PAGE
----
Nancy Pelosi was right.
In March of 2010 the Democratic Speaker of the House said, “We have to pass the bill so you can find out what is in it.” She was referring to the now infamous Affordable Care Act, aka ObamaCare. Only a privileged few had a clue what was in this massive bill then and the rest of us are still finding out. The picture emerging is not a pretty one.
The ACA, which was pushed through by Democrats on party-line votes and signed by President Obama, is a free-fall swan dive into a sea of new bureaucracies for our health care system. The goal — a good one — was for more people to be able to purchase health insurance. The result, however, will be more people on government health care, more expensive private insurance and much higher taxes.
For Maine in particular, the future under the ACA looks bleak. A recent actuarial study commissioned by our own Bureau of Insurance determined that, due to the ACA, the Maine individual insurance market should expect to see an average increase of more than 38 percent and increases in the small group market, 8 percent. These amounts will be less, however, after subsidies.
But the subsidies will have to be paid for, and by the usual methods — taxes and borrowing.
During the ObamaCare debates we were told that the estimated cost for the program over the next ten years was $940 billion dollars. Just last week, however, the nonpartisan Congressional Budget Office nearly doubled that figure to $1.74 trillion — an almost incomprehensible number, especially for a program with about as much likelihood of success as our own Dirigo Health experiment had.
Also, starting next week, the U.S. Supreme Court will determine if critical parts of ObamaCare are unconstitutional.
But there’s more. A major part of the ACA is health care “exchanges.” These are complicated state-centered marketplaces where individuals and businesses will find private insurance, Medicaid and Medicare and will be directed by “navigators” and computers to the right health care product. The feds want the states to take on the responsibility of these exchanges — and fund their operation. If states choose not to build an exchange, the federal government will do it for us.
Should Maine choose to implement an exchange, we’ll be responsible for all of the heavy lifting such as the required monitoring and overseeing of insurers in the exchange, the overseeing and administering the exchange itself, the navigators and the computer systems (which must be tied in with DHHS system) and all collection of fees and taxes to fund the exchange.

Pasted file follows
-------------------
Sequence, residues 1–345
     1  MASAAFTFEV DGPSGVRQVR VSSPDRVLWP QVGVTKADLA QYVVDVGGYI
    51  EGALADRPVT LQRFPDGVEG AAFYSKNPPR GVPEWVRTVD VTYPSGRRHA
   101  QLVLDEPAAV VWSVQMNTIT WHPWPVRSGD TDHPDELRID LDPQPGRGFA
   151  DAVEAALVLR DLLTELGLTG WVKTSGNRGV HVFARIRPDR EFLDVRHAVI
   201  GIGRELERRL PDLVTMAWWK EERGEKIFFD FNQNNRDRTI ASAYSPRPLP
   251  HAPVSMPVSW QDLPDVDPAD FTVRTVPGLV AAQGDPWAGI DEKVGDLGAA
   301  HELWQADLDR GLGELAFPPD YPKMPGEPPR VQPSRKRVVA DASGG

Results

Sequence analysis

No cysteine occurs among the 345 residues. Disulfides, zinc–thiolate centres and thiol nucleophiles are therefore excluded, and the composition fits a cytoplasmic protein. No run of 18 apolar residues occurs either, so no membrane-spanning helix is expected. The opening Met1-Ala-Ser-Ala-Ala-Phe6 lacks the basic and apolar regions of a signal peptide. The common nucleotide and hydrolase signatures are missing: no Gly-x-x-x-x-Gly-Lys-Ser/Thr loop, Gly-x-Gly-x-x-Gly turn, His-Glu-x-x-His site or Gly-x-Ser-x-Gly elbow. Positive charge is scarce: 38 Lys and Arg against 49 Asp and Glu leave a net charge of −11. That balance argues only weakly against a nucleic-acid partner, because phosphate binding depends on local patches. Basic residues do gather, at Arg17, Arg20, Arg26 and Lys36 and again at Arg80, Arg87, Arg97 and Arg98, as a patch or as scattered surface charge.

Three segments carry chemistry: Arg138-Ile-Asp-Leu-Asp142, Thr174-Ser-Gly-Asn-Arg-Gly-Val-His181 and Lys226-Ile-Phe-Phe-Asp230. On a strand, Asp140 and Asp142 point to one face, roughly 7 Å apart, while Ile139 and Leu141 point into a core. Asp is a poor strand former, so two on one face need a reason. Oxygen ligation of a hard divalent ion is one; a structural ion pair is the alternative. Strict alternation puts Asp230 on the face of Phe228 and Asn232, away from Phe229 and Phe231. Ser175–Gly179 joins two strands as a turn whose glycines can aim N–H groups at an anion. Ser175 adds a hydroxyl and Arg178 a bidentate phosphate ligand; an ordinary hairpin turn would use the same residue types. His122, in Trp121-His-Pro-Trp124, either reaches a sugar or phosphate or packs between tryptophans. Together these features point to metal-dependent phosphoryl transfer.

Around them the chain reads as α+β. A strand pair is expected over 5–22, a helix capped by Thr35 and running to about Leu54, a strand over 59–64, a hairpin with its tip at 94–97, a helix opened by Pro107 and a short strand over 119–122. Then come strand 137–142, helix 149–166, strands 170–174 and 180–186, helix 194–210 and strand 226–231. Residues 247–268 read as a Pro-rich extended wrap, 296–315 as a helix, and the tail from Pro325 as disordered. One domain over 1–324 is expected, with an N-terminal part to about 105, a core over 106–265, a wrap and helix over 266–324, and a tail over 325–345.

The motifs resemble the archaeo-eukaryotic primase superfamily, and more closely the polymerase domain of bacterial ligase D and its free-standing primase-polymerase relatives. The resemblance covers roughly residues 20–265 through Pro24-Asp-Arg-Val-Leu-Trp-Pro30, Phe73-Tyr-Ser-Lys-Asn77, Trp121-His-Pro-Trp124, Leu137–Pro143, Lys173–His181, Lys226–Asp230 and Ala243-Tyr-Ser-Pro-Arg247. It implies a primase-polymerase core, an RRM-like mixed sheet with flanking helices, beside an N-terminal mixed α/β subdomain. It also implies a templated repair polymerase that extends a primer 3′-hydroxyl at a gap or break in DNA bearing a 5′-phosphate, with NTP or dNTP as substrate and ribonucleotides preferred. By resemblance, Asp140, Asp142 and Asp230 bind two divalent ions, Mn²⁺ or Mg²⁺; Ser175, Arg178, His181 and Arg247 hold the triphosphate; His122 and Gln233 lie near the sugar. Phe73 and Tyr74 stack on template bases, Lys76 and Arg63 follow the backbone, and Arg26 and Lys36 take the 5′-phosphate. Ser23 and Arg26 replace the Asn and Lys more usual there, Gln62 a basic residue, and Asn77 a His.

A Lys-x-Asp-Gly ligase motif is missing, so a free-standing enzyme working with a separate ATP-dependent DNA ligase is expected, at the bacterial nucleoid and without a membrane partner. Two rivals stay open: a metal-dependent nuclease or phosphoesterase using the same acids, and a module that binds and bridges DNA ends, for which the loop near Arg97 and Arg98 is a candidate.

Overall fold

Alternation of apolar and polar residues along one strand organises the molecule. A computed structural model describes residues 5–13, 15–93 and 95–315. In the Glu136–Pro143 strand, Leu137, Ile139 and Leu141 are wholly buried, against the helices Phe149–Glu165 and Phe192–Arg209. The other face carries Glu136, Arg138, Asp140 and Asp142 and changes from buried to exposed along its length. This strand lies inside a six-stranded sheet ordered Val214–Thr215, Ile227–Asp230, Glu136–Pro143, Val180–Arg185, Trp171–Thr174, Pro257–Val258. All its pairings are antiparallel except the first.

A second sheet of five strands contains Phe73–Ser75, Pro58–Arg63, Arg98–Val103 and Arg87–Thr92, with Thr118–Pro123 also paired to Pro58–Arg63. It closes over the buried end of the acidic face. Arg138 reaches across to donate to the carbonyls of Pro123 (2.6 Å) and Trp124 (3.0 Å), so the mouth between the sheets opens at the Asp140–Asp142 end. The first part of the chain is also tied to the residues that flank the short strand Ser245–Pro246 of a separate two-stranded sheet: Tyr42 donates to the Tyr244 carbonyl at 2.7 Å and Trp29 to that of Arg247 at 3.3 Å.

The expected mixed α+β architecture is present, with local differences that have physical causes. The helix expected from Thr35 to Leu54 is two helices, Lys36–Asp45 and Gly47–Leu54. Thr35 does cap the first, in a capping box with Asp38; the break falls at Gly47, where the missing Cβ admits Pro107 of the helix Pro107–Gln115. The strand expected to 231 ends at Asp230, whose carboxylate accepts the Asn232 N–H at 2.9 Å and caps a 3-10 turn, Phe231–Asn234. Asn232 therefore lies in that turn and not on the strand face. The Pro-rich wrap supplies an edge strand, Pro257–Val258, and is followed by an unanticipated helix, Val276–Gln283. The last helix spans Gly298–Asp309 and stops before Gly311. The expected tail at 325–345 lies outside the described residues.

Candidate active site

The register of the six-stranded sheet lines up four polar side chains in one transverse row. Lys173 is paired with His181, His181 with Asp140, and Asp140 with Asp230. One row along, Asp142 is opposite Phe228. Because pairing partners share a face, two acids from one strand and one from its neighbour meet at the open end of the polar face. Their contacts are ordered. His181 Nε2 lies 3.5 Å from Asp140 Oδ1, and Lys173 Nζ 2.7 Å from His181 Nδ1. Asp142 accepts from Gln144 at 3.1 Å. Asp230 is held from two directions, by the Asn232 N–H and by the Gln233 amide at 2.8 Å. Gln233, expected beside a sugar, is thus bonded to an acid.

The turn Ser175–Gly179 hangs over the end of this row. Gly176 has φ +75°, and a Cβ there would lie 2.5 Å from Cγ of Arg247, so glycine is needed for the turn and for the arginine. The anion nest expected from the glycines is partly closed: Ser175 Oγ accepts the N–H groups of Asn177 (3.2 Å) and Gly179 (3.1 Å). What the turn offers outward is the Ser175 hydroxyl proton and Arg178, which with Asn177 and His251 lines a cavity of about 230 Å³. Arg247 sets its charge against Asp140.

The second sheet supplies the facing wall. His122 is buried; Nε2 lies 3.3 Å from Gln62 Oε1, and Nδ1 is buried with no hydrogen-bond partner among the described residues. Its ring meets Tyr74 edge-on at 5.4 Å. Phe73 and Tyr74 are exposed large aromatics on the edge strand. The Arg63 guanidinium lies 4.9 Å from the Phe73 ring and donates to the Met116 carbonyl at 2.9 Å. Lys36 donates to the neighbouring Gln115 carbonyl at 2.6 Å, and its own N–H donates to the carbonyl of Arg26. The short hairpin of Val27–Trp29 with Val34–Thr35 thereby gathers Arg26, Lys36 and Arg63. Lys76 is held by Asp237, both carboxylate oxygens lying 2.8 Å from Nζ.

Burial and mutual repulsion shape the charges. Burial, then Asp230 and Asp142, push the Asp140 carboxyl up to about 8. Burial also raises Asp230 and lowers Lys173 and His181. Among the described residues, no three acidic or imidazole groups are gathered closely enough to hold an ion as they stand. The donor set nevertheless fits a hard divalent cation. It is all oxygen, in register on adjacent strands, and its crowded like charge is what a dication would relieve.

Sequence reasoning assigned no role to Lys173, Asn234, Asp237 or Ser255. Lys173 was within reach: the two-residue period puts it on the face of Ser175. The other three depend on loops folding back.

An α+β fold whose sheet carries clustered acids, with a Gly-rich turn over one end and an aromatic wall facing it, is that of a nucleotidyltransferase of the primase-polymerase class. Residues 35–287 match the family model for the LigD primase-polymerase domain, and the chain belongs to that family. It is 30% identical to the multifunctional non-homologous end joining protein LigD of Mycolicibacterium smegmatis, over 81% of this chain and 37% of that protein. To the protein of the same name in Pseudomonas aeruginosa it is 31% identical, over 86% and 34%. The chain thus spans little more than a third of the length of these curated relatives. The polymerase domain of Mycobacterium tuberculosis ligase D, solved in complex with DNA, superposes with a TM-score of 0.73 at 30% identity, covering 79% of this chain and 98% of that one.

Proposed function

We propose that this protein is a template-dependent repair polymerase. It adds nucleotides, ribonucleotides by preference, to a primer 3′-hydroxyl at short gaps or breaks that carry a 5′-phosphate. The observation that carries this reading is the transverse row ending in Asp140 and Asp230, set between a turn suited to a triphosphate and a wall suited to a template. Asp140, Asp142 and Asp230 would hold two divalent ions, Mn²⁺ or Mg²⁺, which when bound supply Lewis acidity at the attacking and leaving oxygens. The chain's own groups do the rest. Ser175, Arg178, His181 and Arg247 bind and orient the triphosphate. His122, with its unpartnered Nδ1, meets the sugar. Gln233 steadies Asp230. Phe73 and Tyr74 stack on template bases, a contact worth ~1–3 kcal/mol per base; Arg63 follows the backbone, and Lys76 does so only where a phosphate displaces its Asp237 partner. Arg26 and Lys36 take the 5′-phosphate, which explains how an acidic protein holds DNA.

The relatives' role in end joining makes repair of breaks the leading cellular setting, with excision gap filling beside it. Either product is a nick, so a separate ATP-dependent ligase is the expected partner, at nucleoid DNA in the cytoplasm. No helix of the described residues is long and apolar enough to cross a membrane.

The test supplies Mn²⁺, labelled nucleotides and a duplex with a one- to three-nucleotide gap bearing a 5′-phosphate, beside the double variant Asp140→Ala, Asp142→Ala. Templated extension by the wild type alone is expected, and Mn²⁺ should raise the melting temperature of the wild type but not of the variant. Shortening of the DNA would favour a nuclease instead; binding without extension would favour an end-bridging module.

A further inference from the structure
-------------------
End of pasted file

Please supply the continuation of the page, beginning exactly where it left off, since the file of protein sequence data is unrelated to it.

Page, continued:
Yet we will have little if any real control over this state exchange — it is still up to the whims of feds in charge of ACA. State control in this case is only an illusion — and an expensive one.
The federal government simply does not have the money to run 50 of these exchanges, estimated at between $20 million and $70 million per year each to operate. They are counting on states running these exchanges for them.
Suggestions from HHS for revenue sources include taxes on insurance premiums, a targeted sales tax, an “unhealthy” food tax or perhaps a targeted income tax.
These funds would come out of Maine’s health care system and our economy. Maine does not have an economy to support these new taxes and we only recently repealed through a people’s veto a tax on beer, wine, soda and health claims that was to be used to fund Dirigo Health.
An insurance marketplace that allows more competition and choice for consumers is what makes sense and is what people want. Last year’s LD 1333 (now PL 90) begins to do this and a second study by our Bureau of Insurance confirms it. In the first year of implementation of the new law, 80 percent of the individual market should see lower premiums than they would have without these reforms.
Nancy Pelosi and the Democrats in Washington and Maine are wrong about ObamaCare. Our health care system is already laboring under too much bureaucracy; adding more to it — much more, in the case of ObamaCare — will probably destroy it.
Rep. Jonathan McKane, R-Newcastle, is in his fourth term in the Maine House of Representatives and serves on the Insurance and Financial Services Committee.